Is Atlantic Ocean circulation email@example.com
This project uses climate modelling to better understand the stability and variability of Atlantic Ocean circulation and its control on surface climate.
Atlantic Ocean circulation is vital in regulating Earth’s surface climate. By transporting relatively warm, salty, shallow equatorial water north to the high latitudes, where it cools, sinks and returns southwards at depth, this net-circulation (known as the Atlantic Meridional Overturning Circulation, AMOC) drives global-scale ocean currents to redistribute heat around the planet. We know from the geological past that when AMOC is weak, Earth’s surface undergoes strong cooling of several degrees, particularly in the Northern Hemisphere, which experiences especially cold and bitter winters. Furthermore, rapid changes in AMOC are thought to have been responsible for abrupt warming and cooling events known to have taken place since the Last Glacial Maximum (21 thousand years ago).
All of this is important because recent observations suggest that AMOC is getting weaker, but we do not know for sure, because the instrumental record is so short (2004 to present). Could these observations be explained by natural variability in Atlantic circulation? Or do they represent a longer term slowing down?
Figure 1. The North Atlantic overturning circulation with the location of the RAPID observational array moorings along 26°N. Image credit and more info: http://www.rapid.ac.uk/background.php, modified from Church, 2007.
The only way to answer these questions is to combine climate modelling with records of past AMOC, thus extending the observations backwards in time to (i) assess AMOC’s variability and stability, and (ii) find out whether the recent weakening is part of a longer term trend. However, no direct observations exist for the past. Instead, we must infer the physical ocean circulation from geological records of ocean chemistry, known as geochemical tracers. Including these tracers in climate models enables the direct comparison of simulated circulation to geochemical observations.
The candidate will incorporate geochemical tracers of AMOC to a fast atmosphere-ocean general circulation model (FAMOUS). Using this tool, the candidate will run climate simulations to evaluate past AMOC and provide context for the short instrumental record.
Examples of research questions to be addressed:
- How has variability in AMOC changed since the Last Glacial Maximum (21 thousand years ago to present)?
- What forcings are required for AMOC to collapse and did it ever collapse in the last 21 thousand years?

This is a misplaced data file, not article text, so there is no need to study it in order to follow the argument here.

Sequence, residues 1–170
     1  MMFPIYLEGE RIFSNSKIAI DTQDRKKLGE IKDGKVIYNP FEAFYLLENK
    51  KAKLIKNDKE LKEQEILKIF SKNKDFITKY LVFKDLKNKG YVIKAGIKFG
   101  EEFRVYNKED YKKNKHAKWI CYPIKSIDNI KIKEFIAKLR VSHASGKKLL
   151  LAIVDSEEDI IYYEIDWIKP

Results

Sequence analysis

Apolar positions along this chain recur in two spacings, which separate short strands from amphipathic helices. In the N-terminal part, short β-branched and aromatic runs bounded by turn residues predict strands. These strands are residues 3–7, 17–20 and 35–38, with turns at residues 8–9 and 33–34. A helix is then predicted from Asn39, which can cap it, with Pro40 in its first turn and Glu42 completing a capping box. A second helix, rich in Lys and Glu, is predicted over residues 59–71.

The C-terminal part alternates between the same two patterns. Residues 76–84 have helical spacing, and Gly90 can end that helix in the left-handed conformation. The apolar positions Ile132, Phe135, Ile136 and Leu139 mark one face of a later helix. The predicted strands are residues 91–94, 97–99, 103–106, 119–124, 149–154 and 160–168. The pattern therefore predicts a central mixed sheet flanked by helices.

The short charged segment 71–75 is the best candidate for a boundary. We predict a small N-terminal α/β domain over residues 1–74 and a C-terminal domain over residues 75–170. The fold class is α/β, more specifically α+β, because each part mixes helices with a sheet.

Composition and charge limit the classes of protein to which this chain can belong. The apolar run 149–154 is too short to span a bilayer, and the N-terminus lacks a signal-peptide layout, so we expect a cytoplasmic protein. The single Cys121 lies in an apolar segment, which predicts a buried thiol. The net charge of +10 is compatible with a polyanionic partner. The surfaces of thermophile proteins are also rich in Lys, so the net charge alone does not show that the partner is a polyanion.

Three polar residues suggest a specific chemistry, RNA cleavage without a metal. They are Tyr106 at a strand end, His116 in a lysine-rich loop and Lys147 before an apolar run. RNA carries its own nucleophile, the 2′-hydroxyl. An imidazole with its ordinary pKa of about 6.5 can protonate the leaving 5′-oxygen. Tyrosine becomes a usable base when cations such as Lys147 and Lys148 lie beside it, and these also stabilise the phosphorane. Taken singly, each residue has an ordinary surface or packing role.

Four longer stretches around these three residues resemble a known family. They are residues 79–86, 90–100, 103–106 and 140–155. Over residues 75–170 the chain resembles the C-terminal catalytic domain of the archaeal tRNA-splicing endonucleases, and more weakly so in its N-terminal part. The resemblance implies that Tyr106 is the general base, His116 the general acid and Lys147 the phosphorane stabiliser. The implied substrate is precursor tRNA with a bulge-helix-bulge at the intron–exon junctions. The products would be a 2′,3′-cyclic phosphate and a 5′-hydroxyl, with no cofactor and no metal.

- Do multiple stable states of Atlantic Ocean circulation (AMOC) exist?
- How stable is current Atlantic Ocean circulation? What is the risk of [near]-future collapse?
The candidate will have the opportunity to benefit from and feed directly into:
- The Paleoclimate Model Intercomparison Project (PMIP), for which the lead-supervisor and co-supervisor are working group leaders [https://pmip4.lsce.ipsl.fr]
- CLIVAR (a World Climate Research Programme initiative) Atlantic Regional Panel, for which the lead-supervisor is a panel member [http://www.clivar.org/]
Potential for high-impact research
This exciting and novel work presents one of the strictest tests of our understanding of climate-ocean interactions and will directly challenge some of the existing paradigms in Earth System science; for example, the seminal notion that Atlantic Ocean circulation can have multiple stable states. The student will develop a highly sought-after, multidisciplinary skill-set, contributing towards the development of an interdisciplinary field of research that is at the forefront of climate science. By the nature of this work, and due to its timeliness, there is strong potential for the PhD candidate to influence the direction of international research being carried out on this theme, and to thus establish a world-renowned reputation for innovative science.
Training, support and research opportunities
This project affords many exciting opportunities for skills and research development, in particular:
- Joining a team of climate scientists working on related and different aspects of past, present and future climate and ocean circulation change.